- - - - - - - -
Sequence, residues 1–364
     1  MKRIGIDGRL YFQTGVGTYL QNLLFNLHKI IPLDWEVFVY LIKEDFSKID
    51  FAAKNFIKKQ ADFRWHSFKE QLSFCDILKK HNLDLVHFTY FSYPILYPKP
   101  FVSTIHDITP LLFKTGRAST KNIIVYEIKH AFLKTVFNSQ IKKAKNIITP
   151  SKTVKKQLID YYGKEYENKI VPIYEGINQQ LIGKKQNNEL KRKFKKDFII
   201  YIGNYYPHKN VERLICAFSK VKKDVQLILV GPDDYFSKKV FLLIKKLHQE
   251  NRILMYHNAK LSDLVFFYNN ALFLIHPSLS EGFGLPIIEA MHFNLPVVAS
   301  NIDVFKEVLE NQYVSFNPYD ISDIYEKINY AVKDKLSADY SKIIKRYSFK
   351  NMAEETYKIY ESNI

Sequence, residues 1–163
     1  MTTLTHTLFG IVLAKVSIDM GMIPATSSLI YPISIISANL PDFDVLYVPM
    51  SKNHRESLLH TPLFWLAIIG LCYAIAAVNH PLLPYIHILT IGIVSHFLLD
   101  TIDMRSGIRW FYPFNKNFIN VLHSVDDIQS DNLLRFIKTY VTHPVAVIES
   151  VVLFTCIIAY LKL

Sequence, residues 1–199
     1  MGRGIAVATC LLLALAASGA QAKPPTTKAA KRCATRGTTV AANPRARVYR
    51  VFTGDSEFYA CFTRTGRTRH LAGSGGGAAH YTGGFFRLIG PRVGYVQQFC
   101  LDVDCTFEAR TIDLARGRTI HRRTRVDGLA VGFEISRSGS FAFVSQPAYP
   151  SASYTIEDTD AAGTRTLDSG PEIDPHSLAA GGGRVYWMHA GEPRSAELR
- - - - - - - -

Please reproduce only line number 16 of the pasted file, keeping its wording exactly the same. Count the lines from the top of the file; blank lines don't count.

     1  MGRGIAVATC LLLALAASGA QAKPPTTKAA KRCATRGTTV AANPRARVYR